A London-based research group has estimated that Donald Trump winning the US presidency is the sixth largest risk facing the future of the world.
The surprising ranking by the Economist Intelligence Unit (EIU), reported on Thursday by BBC, is backed by warnings that the real estate mogul could disrupt the global economy and spike political and security dangers domestically in the US.
According to the report, which is based on impact and probability, a Trump victory gets a global risk rating of 12, with 25 being the highest possible risk.
That 12 rating is the same level as "the rising threat of jihadi terrorism destabilizing the global economy." Likewise the EIU posits that Trump would be more dangerous than Britain leaving the European Union (EU), or an armed clash in the South China Sea where superpowers China and Japan are tensely facing off against one another.
Trump was ranked just under the risk of the EU fracturing, while China experiencing a "hard landing" and Russia's Ukraine and Syria interventions sparking a new "cold war" top the list.
"Thus far Mr. Trump has given very few details of his policies – and these tend to be prone to constant revision," wrote the EIU in its report.
The research group estimated that Trump will not defeat Democratic frontrunner Hillary Clinton, in a prediction made on an unclear basis.
Continuing its appraisal of the "risk" posed by Trump, EIU said, "he has been exceptionally hostile towards free trade, including notably Nafta, and has repeatedly labelled China as a 'currency manipulator.'"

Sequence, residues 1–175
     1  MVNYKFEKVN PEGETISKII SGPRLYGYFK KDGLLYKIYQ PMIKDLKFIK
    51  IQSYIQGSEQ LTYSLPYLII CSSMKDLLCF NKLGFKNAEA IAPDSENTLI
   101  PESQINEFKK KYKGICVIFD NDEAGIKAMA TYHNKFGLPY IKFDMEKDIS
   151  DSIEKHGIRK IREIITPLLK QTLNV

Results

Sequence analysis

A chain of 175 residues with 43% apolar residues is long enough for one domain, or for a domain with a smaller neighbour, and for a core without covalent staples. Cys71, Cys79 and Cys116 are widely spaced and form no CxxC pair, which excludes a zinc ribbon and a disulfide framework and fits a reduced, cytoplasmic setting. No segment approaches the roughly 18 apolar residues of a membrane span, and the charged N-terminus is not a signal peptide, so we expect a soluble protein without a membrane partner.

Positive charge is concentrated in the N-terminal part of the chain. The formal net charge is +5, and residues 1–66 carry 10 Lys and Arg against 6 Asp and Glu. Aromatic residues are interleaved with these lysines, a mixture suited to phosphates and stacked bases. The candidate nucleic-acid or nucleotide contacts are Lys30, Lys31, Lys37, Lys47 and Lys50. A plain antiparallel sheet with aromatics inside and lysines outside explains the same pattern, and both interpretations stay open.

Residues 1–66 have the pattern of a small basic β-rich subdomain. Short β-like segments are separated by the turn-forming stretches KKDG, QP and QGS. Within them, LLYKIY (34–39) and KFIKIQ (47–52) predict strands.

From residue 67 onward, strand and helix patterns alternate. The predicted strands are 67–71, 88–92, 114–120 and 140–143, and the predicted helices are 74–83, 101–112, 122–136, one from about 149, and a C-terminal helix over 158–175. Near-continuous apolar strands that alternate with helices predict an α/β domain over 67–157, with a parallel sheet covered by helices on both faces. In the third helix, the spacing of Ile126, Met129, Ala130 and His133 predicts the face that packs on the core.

His strong language towards Mexico over illegal immigration and China over trade arrangements "could escalate rapidly into a trade war," it said.
"His militaristic tendencies towards the Middle East and ban on all Muslim travel to the US would be a potent recruitment tool for jihadi groups, increasing their threat both within the region and beyond," claimed the group.
However, EIU predicted Trump would not likely be able to get his initiatives passed, saying, "innate hostility within the Republican hierarchy towards Mr. Trump, combined with the inevitable virulent Democratic opposition, will see many of his more radical policies blocked in Congress."
Regarding Republican opposition, GOP leaders on Thursday are to meet and discuss a possible independent run to try and derail Trump's path to the nomination, as currently he appears set to win the Republican primaries.